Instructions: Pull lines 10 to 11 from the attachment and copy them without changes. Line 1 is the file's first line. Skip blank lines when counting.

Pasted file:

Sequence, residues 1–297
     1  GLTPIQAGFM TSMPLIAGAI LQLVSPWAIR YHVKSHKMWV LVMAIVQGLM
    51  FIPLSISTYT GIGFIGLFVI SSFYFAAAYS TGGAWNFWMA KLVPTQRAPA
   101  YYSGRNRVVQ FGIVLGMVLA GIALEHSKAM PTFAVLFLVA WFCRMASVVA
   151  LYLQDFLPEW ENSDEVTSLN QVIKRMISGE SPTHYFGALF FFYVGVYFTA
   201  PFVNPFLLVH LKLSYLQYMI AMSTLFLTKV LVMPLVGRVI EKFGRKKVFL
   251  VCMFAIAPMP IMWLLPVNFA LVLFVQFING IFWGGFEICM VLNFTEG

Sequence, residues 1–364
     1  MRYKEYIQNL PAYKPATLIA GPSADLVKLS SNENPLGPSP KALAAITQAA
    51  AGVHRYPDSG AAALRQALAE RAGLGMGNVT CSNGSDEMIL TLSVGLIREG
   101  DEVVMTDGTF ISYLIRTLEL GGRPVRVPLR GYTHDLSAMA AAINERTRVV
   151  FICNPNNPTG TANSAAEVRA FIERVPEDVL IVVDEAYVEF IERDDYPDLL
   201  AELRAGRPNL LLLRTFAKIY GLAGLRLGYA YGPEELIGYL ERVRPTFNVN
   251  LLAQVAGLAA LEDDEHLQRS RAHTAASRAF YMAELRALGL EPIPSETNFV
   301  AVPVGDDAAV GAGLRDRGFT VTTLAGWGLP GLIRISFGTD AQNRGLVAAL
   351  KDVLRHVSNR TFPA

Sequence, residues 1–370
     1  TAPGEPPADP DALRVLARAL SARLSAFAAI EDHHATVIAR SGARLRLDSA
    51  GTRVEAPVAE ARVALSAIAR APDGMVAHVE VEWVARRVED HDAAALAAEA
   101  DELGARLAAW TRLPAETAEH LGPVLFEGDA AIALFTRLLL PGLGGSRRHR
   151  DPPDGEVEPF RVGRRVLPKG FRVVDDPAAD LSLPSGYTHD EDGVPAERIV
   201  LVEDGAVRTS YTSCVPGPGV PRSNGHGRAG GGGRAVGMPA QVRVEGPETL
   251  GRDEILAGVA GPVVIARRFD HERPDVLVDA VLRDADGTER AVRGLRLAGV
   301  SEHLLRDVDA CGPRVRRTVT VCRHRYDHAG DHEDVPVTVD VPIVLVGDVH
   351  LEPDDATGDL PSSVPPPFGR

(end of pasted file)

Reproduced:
    51  AGVHRYPDSG AAALRQALAE RAGLGMGNVT CSNGSDEMIL TLSVGLIREG
   101  DEVVMTDGTF ISYLIRTLEL GGRPVRVPLR GYTHDLSAMA AAINERTRVV